$3.4 million from hunting and fishing license sales allocated to 2023 habitat restoration projects

UTAH — The Utah Division of Wildlife Resources’ Habitat Council has allocated $3.4 million from the sale of fishing and hunting licenses to fund selected habitat restoration projects over the next fiscal year, July 1, 2023, to June 30, 2024. The decision was made at a council meeting on April 19.

The funding will go toward work on 88 projects spread throughout the state, several of which are high-priority for fish and wildlife management.

“We are very appreciative of the hunters and anglers who are the backbone of wildlife conservation,” said Daniel Eddington, DWR habitat conservation coordinator. “Anyone who buys a hunting and fishing license helps fund many of the crucial habitat restoration projects that help to maintain fish and wildlife populations for future generations to enjoy. Providing the necessary habitat for these species is crucial to their survival and requires ongoing restoration efforts as climate conditions continue to shift.”

Mule Deer using WMA land during the 2023 winter season.
Mule Deer using WMA land during the 2023 winter season. Courtesy of Utah Division of Wildlife Resources.

Wildlife and waterfowl management areas will receive $635,000 in funding for maintenance and improvement projects. The Thousand Lakes habitat improvement project will go into the next phase by removing 1,220 acres of invasive pinyon and juniper trees, allowing for more beneficial plants to thrive and improving winter range habitat for elk and deer populations.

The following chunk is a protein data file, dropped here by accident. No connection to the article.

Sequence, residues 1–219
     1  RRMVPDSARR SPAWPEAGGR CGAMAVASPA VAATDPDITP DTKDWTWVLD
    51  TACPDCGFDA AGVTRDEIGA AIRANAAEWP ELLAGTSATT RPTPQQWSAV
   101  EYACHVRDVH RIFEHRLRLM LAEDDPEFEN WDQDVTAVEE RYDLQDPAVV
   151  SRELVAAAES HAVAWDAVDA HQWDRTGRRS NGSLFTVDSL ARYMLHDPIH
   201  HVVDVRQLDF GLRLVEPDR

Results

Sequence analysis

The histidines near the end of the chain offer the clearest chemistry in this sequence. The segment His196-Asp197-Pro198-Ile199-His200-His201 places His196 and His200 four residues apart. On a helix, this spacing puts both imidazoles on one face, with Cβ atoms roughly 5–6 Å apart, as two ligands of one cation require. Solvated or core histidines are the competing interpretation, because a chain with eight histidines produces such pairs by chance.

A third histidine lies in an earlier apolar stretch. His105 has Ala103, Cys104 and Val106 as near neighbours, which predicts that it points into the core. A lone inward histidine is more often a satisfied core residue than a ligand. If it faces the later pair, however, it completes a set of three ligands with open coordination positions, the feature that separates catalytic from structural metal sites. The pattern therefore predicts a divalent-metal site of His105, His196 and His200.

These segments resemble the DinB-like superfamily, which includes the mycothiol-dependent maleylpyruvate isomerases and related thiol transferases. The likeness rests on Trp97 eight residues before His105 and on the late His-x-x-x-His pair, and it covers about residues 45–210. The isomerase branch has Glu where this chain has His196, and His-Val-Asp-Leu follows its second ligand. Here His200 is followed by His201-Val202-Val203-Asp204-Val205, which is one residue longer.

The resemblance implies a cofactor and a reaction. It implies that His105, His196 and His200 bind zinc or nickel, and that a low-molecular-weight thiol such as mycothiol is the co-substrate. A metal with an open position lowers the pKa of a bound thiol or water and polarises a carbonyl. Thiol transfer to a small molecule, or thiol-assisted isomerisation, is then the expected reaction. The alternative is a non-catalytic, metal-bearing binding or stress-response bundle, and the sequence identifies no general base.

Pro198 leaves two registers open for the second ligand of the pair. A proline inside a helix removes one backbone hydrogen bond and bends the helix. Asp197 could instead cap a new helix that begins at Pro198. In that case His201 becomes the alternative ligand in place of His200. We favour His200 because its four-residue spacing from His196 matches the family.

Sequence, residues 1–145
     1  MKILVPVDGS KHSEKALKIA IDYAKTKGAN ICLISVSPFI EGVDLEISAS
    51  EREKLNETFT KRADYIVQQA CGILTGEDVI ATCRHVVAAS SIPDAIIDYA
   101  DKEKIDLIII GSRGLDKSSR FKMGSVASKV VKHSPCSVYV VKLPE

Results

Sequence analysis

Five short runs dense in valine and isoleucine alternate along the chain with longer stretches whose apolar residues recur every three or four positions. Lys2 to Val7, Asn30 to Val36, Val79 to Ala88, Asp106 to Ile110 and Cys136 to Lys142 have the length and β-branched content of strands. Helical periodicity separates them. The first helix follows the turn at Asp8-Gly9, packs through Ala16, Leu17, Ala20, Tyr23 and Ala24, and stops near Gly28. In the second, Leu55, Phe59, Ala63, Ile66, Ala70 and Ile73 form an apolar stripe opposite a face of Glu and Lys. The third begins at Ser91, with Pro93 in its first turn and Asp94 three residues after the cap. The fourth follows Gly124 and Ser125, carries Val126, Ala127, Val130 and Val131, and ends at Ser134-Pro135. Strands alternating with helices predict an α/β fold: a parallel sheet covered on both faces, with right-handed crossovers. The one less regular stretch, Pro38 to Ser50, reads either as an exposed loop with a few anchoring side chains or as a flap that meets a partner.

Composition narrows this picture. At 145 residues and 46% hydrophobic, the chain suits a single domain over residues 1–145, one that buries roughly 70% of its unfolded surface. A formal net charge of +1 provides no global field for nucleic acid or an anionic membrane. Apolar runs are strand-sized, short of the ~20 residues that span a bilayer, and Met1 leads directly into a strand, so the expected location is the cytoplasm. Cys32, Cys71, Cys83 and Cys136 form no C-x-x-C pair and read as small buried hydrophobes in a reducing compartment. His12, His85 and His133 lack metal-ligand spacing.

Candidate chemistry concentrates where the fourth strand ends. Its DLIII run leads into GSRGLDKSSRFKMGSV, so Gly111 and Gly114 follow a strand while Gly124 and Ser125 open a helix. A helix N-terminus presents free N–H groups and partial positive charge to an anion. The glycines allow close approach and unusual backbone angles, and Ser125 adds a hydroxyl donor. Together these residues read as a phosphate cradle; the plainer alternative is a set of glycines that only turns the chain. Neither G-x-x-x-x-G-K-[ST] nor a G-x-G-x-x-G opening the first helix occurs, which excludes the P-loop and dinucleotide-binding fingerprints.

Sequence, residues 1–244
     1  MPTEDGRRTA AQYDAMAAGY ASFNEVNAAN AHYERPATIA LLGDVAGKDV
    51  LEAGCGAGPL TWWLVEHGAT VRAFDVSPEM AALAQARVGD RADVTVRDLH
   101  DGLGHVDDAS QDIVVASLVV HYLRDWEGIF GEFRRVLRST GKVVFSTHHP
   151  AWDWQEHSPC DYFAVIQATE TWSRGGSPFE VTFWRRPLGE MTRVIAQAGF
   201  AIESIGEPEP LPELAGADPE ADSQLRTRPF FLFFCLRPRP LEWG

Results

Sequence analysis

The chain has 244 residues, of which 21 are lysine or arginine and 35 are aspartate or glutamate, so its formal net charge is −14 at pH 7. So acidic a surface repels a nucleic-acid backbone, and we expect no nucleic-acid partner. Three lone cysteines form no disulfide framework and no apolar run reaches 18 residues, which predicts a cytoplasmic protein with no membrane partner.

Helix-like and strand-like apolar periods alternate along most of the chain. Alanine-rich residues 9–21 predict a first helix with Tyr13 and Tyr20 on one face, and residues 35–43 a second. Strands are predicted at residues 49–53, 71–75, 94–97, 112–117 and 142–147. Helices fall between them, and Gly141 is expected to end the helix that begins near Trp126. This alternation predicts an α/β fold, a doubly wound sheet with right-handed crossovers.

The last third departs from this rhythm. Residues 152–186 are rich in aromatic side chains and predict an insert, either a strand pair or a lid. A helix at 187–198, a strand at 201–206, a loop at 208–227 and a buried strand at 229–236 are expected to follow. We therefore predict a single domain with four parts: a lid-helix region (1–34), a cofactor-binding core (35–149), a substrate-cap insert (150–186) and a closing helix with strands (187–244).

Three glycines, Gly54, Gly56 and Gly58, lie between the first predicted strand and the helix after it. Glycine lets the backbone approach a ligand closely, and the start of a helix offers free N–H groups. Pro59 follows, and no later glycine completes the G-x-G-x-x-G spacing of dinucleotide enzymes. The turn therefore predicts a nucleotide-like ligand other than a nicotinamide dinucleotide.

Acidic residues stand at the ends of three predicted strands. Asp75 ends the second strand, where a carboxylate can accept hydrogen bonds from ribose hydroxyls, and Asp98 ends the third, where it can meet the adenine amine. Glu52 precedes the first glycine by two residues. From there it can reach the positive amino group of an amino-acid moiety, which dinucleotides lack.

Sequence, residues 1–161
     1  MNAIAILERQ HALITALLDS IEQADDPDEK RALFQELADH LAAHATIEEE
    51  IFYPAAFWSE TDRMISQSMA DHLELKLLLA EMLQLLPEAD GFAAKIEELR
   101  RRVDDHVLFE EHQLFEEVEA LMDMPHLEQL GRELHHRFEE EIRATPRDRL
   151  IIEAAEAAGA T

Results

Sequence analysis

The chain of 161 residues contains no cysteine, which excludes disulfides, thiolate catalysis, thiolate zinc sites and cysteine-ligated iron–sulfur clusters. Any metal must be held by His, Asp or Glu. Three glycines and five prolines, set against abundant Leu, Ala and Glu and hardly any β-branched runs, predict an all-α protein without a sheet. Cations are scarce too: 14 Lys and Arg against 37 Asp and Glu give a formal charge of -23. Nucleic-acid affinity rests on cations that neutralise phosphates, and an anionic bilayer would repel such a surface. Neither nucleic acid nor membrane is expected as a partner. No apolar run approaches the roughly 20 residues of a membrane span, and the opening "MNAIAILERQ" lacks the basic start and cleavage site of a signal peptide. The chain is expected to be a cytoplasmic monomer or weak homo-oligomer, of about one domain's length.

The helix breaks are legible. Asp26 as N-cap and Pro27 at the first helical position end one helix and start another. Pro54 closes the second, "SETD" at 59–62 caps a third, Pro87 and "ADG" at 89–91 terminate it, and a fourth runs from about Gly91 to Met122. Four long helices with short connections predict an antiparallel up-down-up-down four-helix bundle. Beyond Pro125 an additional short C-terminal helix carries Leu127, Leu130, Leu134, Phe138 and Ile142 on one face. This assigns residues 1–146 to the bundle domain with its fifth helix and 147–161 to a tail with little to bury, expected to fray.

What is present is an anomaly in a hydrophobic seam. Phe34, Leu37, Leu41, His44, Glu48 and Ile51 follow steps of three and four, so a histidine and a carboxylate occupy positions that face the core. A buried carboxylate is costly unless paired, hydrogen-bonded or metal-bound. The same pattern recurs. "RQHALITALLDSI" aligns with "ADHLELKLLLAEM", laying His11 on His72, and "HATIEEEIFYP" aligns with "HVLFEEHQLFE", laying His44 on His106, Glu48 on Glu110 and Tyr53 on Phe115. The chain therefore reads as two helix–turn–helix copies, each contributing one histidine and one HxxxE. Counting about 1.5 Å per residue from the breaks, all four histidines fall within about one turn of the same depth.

Timpanogos Wildlife Management Area.
Timpanogos Wildlife Management Area. Courtesy of Utah Division of Wildlife Resources.

The Diamond Fork and Spanish Fork River Watershed Post Fire Restoration project will receive $134,000 toward removing debris from the 2018 wildfire so the area can be replanted with shrubs and plant seeds to improve big game habitat. Over $98,000 will go toward the Smith Family Park community pond and Green Farm Pond, helping to facilitate new fishing docks at each location.

“We are extremely grateful for other partners who help fund these projects as well, which are so critical for fish and wildlife,” Eddington said. “We wouldn’t be able to complete as many of these necessary conservation projects without these important partnerships.”

The Habitat Council has allocated over $40 million since 2006 to complete 1,418 wildlife habitat projects in Utah, leading to 322,505 acres of terrestrial habitat improvements, restoration of 1,900 miles of streams and rivers, and the acquisition of 28,358 acres of land and waterways that is now managed for fish and wildlife habitat.

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